Canon's EOS 5D Mark III is a hot item in the camera world. It's the successor to the vaunted 5D Mark II, which ignited the video SLR revolution, but with better autofocus, shooting speed, and low-light performance.
Alas for Canon shooters, though, the 22-megapixel image sensor doesn't rate much better than the 21-megapixel one in the 5D Mark II that arrived more than three years earlier, according to tests by imaging technology DxO Labs.
DxO gave the 5D Mark III sensor a score of 81 on the DxOMark test of image sensor performance when shooting raw photos. That's an all-time Canon best, but it's only a bit ahead of the 5D Mark II's score of 79 and well behind that of the camera's top competition, Nikon's D800, whose score of 95 tops the DxOMark list.
The D800 outpaced the 5D Mark III in all three of DxOMark's areas: color depth, dynamic range, and low-light performance. In particular, the 36-megapixel D800 is head and shoulders above the 5D Mark II in dynamic range at lower ISO, meaning it does a better job capturing both darker shadows and brighter highlights.
Canon's camera edged out the D800 at high-ISO settings, though, and is a close match for image noise. Check below for some comparisons.
Not everybody shoots raw, and videographers in particular don't even have the option, so DxO's tests don't paint a full picture. When it comes to the on-camera noise reduction used for JPEG and H.264 video, Canon asserts that the 5D Mark III outdoes the Mark II by about two stops, meaning that shutter speeds can be quartered, ISOs can be quadrupled, or depth of field can be deepened without loss of image quality. The 5D Mark III can shoot video as high as ISO 6,400 compared to 3,200 for the 5D Mark II.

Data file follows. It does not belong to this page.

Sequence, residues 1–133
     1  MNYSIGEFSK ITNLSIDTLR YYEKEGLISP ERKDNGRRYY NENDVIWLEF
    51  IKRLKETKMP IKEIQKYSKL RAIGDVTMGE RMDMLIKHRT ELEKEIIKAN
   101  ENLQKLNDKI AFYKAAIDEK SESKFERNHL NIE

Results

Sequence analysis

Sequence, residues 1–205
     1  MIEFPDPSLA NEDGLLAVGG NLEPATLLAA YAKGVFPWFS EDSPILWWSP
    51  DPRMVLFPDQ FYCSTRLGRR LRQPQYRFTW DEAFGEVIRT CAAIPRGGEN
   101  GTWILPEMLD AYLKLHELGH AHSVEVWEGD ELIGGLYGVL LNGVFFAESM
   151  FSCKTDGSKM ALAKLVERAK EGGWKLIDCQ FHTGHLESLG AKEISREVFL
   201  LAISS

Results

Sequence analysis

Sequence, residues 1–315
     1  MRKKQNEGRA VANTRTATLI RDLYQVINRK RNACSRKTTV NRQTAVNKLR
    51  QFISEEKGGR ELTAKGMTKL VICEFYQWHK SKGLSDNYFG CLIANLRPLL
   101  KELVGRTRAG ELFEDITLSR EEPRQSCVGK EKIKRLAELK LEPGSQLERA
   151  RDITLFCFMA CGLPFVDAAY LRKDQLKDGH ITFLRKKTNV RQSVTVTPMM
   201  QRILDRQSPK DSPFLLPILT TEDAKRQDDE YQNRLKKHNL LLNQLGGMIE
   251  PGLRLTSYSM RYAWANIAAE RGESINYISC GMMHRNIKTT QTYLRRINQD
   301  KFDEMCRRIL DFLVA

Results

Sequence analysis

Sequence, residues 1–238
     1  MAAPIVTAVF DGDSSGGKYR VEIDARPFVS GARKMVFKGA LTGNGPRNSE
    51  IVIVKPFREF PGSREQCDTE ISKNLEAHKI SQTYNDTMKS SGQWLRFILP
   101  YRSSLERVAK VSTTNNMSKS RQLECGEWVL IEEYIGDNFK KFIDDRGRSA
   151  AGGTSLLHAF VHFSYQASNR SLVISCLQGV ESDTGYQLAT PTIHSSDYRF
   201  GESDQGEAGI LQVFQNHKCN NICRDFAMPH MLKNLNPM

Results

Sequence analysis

And the DxOMark test only measures the sensor's performance. The overall camera quality also includes many other factors such as autofocus, durability, burst shooting speed, lens selection, video performance, accessories, user interface, and of course price. The Canon model costs $3,500 compared to $3,000 for the Nikon.
Both models are full-frame cameras, meaning that the image sensor is the size of a 36x24mm frame of 35mm film. In comparison, most SLRs use smaller and cheaper "APS-C" sensors that generally don't afford as much image quality.
Next up will be seeing how Canon's flagship EOS-1D X compares to the Nikon D4. Current trends suggest Nikon will win out here, too; the D4 has a DxOMark score of 89.